Environmentalists Take On The Economy.

Author:Flavin, Christopher
Position:The Bridge at the Edge of the World: Capitalism, the Environment, and Crossing from Crisis to Sustainability - Book review
 
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The Bridge at the Edge of the World: Capitalism, the Environment, and Crossing from Crisis to Sustainability, by James Gustave Speth

Yale University Press, 320 pages

Earth: The Sequel, by Fred Krupp and Miriam Horn W.W. Norton & Co., 279 pages

Until recently, environmental problems were seen as peripheral to the economy--annoying "externalities" that were mainly of concern to the wealthy. Today, the prospect of uncontrolled climate change and collapsing ecological systems has presented a far different reality in which the economy itself is driving environmental breakdown--and which in turn is undermining the economy.

It's a sign of the times that two titans of the environmental movement have just produced new books. Together, these very different volumes provide insiders' insights into the unprecedented dangers and opportunities created by the modern economy.

James Gustave (Gus) Speth co-founded the National Resources Defense Council and the World Resources Institute, and is a former chair of the White House Council on Environmental Quality. In the 1990s, Speth headed the United Nations Development Programme and now serves as dean of the Yale School of Forestry and Environmental Studies. Fred Krupp has led the Environmental Defense Fund, a leading U.S. environmental NGO, since 1984, and is known for building strong relationships with corporations and advocating market-based solutions to environmental problems.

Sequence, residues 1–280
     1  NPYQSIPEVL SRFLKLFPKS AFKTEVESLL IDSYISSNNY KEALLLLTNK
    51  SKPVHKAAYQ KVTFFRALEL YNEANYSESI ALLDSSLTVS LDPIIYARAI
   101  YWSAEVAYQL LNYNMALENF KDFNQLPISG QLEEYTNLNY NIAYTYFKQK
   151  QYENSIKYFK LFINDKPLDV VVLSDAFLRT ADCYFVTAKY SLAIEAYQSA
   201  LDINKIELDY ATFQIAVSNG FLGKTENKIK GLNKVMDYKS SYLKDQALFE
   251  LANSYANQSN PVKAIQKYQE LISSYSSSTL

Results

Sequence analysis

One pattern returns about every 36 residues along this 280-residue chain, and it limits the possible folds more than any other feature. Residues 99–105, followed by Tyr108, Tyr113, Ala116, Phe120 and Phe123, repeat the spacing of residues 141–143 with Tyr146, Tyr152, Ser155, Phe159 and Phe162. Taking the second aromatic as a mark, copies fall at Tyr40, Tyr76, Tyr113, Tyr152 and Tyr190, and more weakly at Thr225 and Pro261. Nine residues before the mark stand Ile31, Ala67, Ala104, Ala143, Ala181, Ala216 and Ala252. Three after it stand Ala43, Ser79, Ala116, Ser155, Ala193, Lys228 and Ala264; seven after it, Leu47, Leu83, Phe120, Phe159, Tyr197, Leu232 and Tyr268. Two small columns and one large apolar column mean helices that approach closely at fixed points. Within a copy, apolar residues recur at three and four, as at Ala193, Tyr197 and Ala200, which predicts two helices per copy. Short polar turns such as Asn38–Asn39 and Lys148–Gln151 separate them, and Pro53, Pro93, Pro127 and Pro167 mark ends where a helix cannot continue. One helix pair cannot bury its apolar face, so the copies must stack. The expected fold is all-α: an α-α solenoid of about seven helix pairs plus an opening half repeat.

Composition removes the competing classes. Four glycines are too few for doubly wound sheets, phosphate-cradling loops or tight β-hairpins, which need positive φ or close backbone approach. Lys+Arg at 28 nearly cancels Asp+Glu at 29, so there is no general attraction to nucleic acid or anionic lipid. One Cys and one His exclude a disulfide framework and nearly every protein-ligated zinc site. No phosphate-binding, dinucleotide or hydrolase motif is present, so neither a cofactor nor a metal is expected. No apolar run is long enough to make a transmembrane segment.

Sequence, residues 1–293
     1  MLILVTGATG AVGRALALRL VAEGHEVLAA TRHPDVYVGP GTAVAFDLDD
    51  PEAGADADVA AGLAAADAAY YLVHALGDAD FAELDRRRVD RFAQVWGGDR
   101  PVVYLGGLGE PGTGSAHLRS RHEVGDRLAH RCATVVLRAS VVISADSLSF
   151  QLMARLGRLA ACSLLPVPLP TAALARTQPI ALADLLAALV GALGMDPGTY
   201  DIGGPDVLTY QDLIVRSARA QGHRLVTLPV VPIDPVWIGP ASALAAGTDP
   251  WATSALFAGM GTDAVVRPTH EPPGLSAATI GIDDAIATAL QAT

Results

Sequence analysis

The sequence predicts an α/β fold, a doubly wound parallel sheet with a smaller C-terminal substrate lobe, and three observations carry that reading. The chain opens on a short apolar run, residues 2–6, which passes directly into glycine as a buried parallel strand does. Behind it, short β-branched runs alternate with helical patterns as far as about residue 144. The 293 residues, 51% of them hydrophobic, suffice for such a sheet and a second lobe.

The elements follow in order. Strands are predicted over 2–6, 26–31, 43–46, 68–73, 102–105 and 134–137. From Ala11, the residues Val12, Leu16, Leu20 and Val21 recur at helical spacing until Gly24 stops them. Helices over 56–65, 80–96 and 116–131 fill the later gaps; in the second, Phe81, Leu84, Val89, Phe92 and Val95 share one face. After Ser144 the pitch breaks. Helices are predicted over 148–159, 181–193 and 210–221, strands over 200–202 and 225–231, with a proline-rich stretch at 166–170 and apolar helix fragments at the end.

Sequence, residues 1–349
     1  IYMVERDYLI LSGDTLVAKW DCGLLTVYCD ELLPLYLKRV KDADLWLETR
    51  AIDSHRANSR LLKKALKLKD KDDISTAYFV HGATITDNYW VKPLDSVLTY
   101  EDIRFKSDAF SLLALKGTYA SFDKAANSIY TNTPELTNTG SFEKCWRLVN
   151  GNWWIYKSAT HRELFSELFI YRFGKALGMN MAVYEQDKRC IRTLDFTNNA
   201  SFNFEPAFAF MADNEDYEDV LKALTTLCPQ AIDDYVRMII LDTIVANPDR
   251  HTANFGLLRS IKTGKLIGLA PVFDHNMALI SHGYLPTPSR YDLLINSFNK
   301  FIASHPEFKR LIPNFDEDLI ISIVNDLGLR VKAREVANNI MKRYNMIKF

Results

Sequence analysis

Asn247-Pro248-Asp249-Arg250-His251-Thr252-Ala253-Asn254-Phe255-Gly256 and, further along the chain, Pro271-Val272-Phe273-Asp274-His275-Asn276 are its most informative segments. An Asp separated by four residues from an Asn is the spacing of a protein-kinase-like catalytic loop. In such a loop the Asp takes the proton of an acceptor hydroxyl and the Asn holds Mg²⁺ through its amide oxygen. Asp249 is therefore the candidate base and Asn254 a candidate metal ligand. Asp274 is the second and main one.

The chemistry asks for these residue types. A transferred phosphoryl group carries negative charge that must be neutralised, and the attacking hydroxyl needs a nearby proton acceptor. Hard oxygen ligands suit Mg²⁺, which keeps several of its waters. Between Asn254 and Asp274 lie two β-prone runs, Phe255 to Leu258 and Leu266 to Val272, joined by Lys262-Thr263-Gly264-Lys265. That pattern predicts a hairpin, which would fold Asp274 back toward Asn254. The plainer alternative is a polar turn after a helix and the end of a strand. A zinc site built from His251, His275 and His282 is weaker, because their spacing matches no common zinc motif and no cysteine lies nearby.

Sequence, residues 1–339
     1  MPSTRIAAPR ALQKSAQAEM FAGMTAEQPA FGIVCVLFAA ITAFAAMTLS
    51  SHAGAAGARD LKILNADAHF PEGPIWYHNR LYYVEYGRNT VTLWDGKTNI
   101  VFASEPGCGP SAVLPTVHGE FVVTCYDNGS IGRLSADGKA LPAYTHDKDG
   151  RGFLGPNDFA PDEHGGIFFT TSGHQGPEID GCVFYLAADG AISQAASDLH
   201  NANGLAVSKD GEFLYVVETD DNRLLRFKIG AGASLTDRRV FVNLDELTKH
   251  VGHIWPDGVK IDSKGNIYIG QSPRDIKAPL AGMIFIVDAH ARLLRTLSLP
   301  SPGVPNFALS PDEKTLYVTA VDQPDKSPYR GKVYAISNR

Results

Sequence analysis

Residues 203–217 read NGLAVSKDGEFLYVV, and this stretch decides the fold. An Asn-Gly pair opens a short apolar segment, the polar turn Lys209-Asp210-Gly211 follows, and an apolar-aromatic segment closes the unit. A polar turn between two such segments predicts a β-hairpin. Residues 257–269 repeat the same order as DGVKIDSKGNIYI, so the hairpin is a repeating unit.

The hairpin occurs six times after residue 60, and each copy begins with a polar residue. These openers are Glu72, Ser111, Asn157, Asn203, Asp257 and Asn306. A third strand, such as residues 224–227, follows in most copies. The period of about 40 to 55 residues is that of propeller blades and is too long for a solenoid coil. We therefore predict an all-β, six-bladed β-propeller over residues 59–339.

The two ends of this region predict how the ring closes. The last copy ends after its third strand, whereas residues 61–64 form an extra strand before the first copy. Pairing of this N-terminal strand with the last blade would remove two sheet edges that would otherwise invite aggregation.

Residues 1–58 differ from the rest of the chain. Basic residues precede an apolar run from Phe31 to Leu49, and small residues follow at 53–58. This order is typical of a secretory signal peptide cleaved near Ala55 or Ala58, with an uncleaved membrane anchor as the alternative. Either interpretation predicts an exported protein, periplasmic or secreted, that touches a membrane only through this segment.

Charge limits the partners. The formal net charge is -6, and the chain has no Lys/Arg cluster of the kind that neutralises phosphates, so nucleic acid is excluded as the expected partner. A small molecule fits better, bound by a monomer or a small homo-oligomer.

Neither author is in any mood to celebrate past successes. Both start from a sobering conclusion: the world is on the edge of an environmental abyss, and vast changes will be required to avoid a spiral of ecological collapse. Speth ruefully describes the optimism he felt in the 1970s and 1980s that policymakers would soon respond to the environmental threats that were then emerging. He writes in The Bridge at the Edge of the World, "Now one can see, more than two decades later, that the road to sustainability was the road not taken."

Both of the new books conclude that an economic transformation is our only hope of coping with the global environmental crisis now upon us. But their visions of the economic changes ahead are hardly identical. Krupp's focus is on the economic opportunities presented by the transition to a low-carbon economy. Drawing on the Environmental Defense Fund's tireless efforts to enact a cap-and-trade system to limit greenhouse gas emissions, Krupp argues that this single policy reform will...

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